The latest IAEA report gives cumulative figures through August 2012 for how much uranium hexafluoride (UF6) Iran has produced at two levels of enrichment: up to 5% and up to 20%. Weapons-grade uranium is about 90% enriched (or 93%). That sounds like a big step up, but it isn’t really. In terms of separative work — the amount of processing needed to reach a particular level of enrichment — 5% enriched is about 70% of the way to weapons-grade, and 20% enriched is about 90% of the way there.

70% and 90%. If those numbers seem unfamiliar, consult the photo at the top of this post.

“Enrichment” is really “separation”

Jeffrey discussed why enrichment works this way a couple of years ago and again in the comments more recently [with a slight correction]:

 …20 percent is something like 9/10ths of the way to 90 percent.

To understand why, recall that “enrichment” is a misleading term — the method is separation or the removal of unwanted material, nothing is added. The simple example that I like starts with 1000 atoms of uranium. Only seven of them will be the fissile isotope Uranium 235. The rest are useless Uranium 238. (We can ignore the U234 in this example.)

To make typical reactor fuel, Iran or any other country removes 860 of the non-U235 isotopes, leaving a U235:U238 ratio of 7:140 (~5 percent).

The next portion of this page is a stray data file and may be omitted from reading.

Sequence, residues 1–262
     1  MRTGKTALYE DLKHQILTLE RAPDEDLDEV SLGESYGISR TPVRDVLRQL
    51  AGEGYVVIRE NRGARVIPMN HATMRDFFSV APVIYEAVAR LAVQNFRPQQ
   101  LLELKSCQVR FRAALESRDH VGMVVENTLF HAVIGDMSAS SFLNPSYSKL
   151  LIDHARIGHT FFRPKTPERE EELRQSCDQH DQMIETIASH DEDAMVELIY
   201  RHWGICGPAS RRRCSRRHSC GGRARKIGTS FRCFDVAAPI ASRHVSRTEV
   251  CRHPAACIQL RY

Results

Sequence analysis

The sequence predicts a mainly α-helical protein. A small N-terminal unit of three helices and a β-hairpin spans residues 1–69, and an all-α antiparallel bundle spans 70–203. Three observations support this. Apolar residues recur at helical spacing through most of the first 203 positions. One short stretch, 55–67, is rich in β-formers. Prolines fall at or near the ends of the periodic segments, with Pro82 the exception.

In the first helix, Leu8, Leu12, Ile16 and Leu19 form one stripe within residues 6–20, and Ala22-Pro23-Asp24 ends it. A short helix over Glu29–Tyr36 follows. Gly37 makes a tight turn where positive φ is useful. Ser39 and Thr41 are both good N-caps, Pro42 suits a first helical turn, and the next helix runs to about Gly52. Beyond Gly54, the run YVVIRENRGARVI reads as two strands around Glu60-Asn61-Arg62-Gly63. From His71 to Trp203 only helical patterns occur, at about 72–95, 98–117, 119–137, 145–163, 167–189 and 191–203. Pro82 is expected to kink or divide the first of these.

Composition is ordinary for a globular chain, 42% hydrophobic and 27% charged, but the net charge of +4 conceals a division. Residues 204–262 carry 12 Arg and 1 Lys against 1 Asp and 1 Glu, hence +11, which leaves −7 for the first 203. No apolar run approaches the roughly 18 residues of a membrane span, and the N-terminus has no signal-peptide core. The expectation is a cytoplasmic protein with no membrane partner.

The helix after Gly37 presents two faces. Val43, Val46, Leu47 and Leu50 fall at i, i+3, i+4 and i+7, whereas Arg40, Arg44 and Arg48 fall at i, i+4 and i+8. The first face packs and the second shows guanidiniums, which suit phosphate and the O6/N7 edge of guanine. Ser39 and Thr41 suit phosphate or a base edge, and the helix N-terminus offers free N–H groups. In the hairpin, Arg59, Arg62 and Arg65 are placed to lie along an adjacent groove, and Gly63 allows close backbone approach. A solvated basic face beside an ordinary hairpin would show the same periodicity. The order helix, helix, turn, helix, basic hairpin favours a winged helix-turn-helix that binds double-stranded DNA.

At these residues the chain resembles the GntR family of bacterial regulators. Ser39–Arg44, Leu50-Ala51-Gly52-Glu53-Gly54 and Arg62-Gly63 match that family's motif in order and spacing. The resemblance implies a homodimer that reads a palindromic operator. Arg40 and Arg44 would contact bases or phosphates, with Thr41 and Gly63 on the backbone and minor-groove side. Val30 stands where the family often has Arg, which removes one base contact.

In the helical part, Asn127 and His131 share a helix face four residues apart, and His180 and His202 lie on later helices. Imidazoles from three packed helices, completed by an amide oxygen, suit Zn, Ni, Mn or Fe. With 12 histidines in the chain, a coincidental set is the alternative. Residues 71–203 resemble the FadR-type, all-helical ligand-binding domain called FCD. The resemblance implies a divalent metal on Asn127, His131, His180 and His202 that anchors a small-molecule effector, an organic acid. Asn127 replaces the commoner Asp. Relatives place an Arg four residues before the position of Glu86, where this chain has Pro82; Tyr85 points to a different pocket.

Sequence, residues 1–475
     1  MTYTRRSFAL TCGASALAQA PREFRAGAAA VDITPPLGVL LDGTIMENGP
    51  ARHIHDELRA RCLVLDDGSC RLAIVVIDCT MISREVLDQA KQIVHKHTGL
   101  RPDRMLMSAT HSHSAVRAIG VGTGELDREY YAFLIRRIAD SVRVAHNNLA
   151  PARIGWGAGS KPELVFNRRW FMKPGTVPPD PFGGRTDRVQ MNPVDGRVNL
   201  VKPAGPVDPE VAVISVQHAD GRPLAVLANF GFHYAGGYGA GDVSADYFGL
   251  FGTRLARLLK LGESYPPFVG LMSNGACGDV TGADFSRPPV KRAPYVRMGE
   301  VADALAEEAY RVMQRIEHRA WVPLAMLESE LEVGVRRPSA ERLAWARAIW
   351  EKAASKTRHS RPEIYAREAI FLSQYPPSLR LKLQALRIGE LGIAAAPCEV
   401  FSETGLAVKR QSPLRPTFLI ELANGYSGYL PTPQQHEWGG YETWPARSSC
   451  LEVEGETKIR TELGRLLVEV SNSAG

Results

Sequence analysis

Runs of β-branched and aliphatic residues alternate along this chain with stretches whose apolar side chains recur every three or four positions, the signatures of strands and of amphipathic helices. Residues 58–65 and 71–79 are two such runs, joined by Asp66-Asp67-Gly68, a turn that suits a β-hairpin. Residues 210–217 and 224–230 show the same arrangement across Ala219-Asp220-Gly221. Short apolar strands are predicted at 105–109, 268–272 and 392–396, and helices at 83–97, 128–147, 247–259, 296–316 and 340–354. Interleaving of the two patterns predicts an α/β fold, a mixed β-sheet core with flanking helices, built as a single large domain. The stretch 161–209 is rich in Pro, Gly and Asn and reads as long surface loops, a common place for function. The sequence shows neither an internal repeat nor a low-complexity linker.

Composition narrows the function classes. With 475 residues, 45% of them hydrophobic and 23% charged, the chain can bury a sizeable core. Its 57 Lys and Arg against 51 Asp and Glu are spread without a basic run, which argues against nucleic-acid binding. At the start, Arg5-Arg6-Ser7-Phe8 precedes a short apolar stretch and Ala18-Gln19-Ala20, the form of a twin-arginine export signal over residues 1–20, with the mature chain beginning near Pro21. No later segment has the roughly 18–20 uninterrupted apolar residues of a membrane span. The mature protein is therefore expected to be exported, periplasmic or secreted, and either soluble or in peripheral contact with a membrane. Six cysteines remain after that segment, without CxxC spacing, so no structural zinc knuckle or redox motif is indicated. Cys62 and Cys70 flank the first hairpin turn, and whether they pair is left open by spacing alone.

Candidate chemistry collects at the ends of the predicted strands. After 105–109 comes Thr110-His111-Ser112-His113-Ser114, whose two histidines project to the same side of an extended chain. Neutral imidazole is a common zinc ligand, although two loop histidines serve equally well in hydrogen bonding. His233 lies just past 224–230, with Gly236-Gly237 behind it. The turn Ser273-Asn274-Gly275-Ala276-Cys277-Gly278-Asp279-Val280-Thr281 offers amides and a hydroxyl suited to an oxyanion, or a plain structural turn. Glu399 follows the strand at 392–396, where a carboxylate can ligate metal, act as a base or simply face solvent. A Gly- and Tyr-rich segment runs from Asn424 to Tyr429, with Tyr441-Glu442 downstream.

To make fuel for the TRR, Iran removes another 105 non-U235 atoms from the 140, leaving a ratio of 7:35 (20 percent).

To make a bomb, Iran need[s] only to remove 27 of the remaining 35 atoms, leading [to] a ratio of 7:8 (~90 percent).

To make a bomb, Iran needs only to remove 34 of the remaining 35 U-328 atoms, leading to a ratio of 7:1 (~90 percent).

Which takes less work? Moving 965 atoms or 27 atoms 34 atoms? This simplification does omit the important concept of tails and some other details at very high levels of enrichment (say 95 percent and beyond). But those details aren’t enough to alter the nice smooth curve by Drell et al (on page 59) that shows cumulative separative work units to various levels of enrichment. Notice the sharp “knee bend” around 20 percent.

There is a reason that Iran’s enrichment to 20 percent is provoking a real crisis.

The Washington Post devised a graphic illustrating enrichment-as-separation back in February 2010. But for good measure, here’s Fig. 3.2 from Drell et al. (“Verification of Dismantlement of Nuclear Warheads and Controls on Nuclear Materials,” JASON Report JSR-92-331, Jan. 1993). Notice the “knee bends,” which really end around 20%:

There. That’s not too hard to grasp, I hope.

The assumptions behind the cartoon

Why draw the red line at the 90%-of-the-way mark — or, based on Netanyahu’s remarks, somewhere just before that mark? Let’s go back to the tape:

By next spring, at most by next summer at current enrichment rates, they will have finished the medium enrichment and move on to the final stage. From there, it’s only a few months, possibly a few weeks before they get enough enriched uranium for the first bomb.